Hartley Magazine

All the latest news, hints, tips and advice from our experts

Look ahead to spring – take two!

Start watering your succulent collection

Although we should be looking forward to May, it’s impossible not to comment on April’s extraordinary weather where conditions were totally alien gardeners in warmer parts of the UK. First sowings were abandoned or delayed and the ground was too cold and dry for transplanting. I have never known anything like it!

First of all, don’t panic. Northern gardeners who are more used to this, regularly produce excellent harvests, even in a shorter growing season – a friend of mine from Blackburn always has a traditional sowing date for vegetables was 10th May. Now is the time you will be amply rewarded for investing in a greenhouse, second sowings will germinate quickly and you will soon catch up on some lost time and harvest will be a little later. Rain which is forecast early in the month will moisten the soil, then warm the ground with cloches or black polythene for later transplanting from the greenhouse. On heavier soils or those with a dry crust on the surface, moistening the surface before the onset of rain ensues that any that rainfall will be absorbed, not run off.

Tie in the main stems of tomatoes, peppers and aubergines as they grow to support growing stems using soft twine. Remove the side shoots as they appear.

Start watering succulents in the cold greenhouse.

Sow: outdoor cucumber, marrow, squashes, pumpkins individually on edge in 7.5cm pots plus French and Runner beans and Sweetcorn in gentle heat in peat free multipurpose compost in a propagator at 18-21C, label and water with tepid tap water. They will germinate quickly. Resow any earlier crops that were lost, ensure pots are clean before use, warm compost in a propagator or leave it for 24 hours in your greenhouse before sowing.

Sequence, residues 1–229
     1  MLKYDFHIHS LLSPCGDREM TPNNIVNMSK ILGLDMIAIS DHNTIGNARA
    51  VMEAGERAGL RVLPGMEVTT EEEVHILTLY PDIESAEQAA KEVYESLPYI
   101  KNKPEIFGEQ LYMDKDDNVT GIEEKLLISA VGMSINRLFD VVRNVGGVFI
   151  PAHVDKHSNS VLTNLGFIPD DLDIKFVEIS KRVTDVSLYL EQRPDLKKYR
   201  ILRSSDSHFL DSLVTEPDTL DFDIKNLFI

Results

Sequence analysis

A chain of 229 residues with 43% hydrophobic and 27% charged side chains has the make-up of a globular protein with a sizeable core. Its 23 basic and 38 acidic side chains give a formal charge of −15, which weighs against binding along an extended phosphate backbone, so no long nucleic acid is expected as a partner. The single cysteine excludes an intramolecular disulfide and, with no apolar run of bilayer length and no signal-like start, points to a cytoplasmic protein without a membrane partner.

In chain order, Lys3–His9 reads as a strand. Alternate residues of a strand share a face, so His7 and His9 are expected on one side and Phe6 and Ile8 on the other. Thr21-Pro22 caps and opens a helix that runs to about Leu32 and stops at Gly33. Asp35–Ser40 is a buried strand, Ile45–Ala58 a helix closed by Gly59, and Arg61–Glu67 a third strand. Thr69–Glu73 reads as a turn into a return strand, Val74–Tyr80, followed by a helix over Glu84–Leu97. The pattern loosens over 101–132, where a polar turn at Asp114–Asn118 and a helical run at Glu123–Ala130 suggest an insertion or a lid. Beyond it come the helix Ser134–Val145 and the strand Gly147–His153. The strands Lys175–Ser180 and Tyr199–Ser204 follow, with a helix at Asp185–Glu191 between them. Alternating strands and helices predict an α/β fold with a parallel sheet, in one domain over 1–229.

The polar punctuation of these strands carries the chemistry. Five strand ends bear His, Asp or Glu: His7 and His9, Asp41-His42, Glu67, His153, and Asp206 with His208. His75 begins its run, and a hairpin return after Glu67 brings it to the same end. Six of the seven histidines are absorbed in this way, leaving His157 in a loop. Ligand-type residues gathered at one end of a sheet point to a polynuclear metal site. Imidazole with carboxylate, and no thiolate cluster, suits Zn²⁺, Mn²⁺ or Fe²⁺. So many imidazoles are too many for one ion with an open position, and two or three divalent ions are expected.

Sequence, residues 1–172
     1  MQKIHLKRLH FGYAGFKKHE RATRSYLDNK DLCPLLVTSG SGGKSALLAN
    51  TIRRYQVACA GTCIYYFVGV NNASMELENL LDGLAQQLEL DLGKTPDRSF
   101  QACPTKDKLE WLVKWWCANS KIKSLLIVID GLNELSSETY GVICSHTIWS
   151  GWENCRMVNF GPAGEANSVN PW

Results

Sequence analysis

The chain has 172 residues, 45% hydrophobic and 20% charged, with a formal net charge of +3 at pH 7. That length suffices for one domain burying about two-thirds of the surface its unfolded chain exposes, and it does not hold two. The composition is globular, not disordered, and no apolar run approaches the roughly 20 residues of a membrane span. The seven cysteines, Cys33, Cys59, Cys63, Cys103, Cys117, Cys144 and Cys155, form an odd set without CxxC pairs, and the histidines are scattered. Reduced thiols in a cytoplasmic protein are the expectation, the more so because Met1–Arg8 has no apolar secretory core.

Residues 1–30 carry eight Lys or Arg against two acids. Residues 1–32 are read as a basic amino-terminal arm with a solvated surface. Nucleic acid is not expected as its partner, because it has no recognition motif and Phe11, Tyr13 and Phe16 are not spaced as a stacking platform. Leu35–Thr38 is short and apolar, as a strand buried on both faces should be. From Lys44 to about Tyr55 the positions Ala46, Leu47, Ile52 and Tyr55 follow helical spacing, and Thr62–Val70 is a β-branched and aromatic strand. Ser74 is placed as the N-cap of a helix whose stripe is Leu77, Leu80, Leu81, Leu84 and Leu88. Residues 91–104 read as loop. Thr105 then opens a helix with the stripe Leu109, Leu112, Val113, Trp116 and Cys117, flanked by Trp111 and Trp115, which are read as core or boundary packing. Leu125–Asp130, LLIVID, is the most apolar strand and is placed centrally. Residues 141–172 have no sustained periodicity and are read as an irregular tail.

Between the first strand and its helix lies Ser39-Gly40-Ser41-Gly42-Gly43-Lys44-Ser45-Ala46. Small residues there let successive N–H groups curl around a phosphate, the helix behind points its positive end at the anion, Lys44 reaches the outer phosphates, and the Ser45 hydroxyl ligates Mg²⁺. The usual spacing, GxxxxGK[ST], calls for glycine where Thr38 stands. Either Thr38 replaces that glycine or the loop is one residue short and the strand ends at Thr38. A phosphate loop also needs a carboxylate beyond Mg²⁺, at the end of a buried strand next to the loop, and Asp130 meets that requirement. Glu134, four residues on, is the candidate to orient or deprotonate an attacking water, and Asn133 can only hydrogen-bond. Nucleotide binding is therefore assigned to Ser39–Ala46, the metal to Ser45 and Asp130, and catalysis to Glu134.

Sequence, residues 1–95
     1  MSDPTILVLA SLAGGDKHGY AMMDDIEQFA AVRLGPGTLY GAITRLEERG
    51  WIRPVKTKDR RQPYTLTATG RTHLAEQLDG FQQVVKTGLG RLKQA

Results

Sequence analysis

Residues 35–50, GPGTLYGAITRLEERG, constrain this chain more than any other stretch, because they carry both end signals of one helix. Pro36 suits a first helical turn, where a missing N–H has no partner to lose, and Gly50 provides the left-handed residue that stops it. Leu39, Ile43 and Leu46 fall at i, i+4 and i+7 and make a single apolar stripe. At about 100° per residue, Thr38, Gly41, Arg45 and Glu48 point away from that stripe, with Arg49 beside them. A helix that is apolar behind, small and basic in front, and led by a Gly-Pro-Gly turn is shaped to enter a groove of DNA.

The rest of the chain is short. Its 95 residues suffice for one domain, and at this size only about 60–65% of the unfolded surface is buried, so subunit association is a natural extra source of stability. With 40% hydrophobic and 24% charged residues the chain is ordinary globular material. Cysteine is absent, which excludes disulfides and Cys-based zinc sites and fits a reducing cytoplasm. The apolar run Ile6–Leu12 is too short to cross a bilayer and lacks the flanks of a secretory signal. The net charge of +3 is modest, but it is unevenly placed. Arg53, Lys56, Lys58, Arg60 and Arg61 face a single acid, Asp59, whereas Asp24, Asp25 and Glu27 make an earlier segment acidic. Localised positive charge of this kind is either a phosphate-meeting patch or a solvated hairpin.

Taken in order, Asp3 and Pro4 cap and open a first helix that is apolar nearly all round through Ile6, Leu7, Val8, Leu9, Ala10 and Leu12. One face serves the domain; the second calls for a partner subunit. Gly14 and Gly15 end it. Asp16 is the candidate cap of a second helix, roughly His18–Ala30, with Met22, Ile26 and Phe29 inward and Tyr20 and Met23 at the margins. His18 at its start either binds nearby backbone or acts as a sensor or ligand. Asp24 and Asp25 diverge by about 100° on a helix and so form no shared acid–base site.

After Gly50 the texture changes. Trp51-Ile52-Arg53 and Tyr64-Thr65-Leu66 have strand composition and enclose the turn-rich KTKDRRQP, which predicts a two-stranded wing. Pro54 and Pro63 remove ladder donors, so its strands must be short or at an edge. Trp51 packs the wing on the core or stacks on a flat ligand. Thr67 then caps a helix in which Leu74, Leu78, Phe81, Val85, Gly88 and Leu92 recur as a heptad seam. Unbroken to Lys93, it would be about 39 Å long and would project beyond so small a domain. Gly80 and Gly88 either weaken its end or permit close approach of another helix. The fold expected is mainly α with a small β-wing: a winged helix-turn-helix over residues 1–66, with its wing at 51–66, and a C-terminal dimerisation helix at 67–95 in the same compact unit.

Continue to prick out and pot on seedlings, gradually increasing the pot by one or two sizes each time until they reach the final pot size or are large enough to ‘harden off’ and transplant. (Don’t put a small plant into a big pot and hope that it grows into it. They don’t like big shoes!)

Increase the space between greenhouse plants as they grow to prevent disease, and tackle early infestations before they become established; they are easier to control when populations are small. Check plants daily for pests and diseases as you water.

Once the danger of frost has gone, ‘Harden off’ bedding and vegetable plants before transplanting. Ventilate your greenhouse a little during the day and close it at night, increasing ventilation gradually over time to increase hardiness but avoiding draughts at all costs. After 3-4 days, move your plants to a cold frame or the base of a sheltered, south facing wall, hedge, or somewhere sheltered during the day, protected for the first few days a couple of layers of fleece and bring them into the greenhouse at night for a week, using a single layer of fleece for the first part of week two. After about 10 days, depending on the weather, remove the fleece during the day and leave plants outdoors at night if it’s mild. Leave them uncovered towards the end of the third week, before finally planting out and adding slug protection.

Happy Gardening, Matt